UNICEF Report on the humanitarian situation in DR Congo No.1 – Reference period: January and February 2022 – Democratic Republic of the Congo

Strong points

  • In the provinces of Tanganyika and South Kivu, there was an increase of 14,586 suspected measles cases, 257 deaths were recorded.

  • More than 150,000 additional displaced people have been registered following violence in Ituri, North Kivu, South Kivu and Tanganyika.

  • In the provinces of Tanganyika, North Kivu and Ituri, UNICEF and its partners, as part of its emergency response, distributed non-food items (NFI), water kits, sanitation and hygiene (WASH) to 8,324 households (50,510 people).

  • In the first two months of 2022 alone, 55 children are believed to have been murdered or injured as a result of conflict-related violence.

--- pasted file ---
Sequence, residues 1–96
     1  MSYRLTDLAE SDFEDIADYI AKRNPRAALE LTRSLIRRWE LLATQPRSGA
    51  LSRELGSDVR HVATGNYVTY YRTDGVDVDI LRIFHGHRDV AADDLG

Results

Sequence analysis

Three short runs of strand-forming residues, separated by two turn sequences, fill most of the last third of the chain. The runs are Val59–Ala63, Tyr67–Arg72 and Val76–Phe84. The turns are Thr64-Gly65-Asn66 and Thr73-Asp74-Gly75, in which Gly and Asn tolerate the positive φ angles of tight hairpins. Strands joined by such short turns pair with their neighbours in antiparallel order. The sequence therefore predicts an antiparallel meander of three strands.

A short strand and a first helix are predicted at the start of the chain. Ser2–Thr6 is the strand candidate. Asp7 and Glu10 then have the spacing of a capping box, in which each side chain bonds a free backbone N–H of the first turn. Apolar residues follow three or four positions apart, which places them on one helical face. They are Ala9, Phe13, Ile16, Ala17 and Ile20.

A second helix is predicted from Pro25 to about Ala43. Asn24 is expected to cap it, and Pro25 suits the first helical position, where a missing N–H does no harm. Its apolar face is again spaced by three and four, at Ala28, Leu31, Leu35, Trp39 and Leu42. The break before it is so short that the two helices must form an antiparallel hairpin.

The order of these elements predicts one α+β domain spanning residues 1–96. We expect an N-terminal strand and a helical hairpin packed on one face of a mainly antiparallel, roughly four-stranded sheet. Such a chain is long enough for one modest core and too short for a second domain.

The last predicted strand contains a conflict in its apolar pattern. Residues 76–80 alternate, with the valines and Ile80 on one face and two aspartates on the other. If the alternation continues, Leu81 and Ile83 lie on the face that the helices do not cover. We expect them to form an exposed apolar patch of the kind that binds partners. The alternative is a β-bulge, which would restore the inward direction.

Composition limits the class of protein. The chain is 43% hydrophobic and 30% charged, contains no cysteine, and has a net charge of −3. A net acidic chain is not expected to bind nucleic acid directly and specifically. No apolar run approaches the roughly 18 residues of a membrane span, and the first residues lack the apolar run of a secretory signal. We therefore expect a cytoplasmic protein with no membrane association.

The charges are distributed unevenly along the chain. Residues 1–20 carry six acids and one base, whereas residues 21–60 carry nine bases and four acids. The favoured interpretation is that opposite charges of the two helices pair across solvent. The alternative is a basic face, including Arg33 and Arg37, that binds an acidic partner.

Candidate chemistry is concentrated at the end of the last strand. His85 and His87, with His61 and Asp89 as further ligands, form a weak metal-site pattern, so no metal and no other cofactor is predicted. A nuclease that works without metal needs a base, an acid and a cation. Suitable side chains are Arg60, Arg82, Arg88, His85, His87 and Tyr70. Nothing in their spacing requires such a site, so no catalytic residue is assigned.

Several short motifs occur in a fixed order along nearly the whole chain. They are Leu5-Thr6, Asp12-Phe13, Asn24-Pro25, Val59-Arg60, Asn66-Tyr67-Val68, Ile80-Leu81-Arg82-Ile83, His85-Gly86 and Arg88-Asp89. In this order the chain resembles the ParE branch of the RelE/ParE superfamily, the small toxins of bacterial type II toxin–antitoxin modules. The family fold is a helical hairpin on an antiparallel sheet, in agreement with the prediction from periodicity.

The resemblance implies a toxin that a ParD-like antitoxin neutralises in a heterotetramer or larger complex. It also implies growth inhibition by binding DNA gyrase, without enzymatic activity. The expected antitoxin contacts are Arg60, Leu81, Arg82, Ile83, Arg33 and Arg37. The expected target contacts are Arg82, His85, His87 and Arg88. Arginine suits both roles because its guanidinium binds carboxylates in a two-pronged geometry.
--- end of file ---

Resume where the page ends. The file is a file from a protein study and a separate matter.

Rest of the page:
Situation in figures

15,800,000 children in need of humanitarian assistance (OCHA, Revised HRP 2022)

27,000,000 people in need (OCHA, Revised HRP 2022)

5,700,000 IDPs (revised HRP 2022)

3,518 cholera cases notified since January (Ministry of Health)

Overview of Funding and Partnerships

UNICEF is appealing for $356 to support the provision of humanitarian services to women and children in the Democratic Republic of Congo (DRC). UNICEF expresses its sincere gratitude to all public and private donors for the contributions received to date. However, the 2022 HAC has an 82% funding gap, with significant funding needs in the areas of nutrition, health, WASH, education and communication for development.

Overview of the situation and humanitarian need

Population displacement and acute emergencies: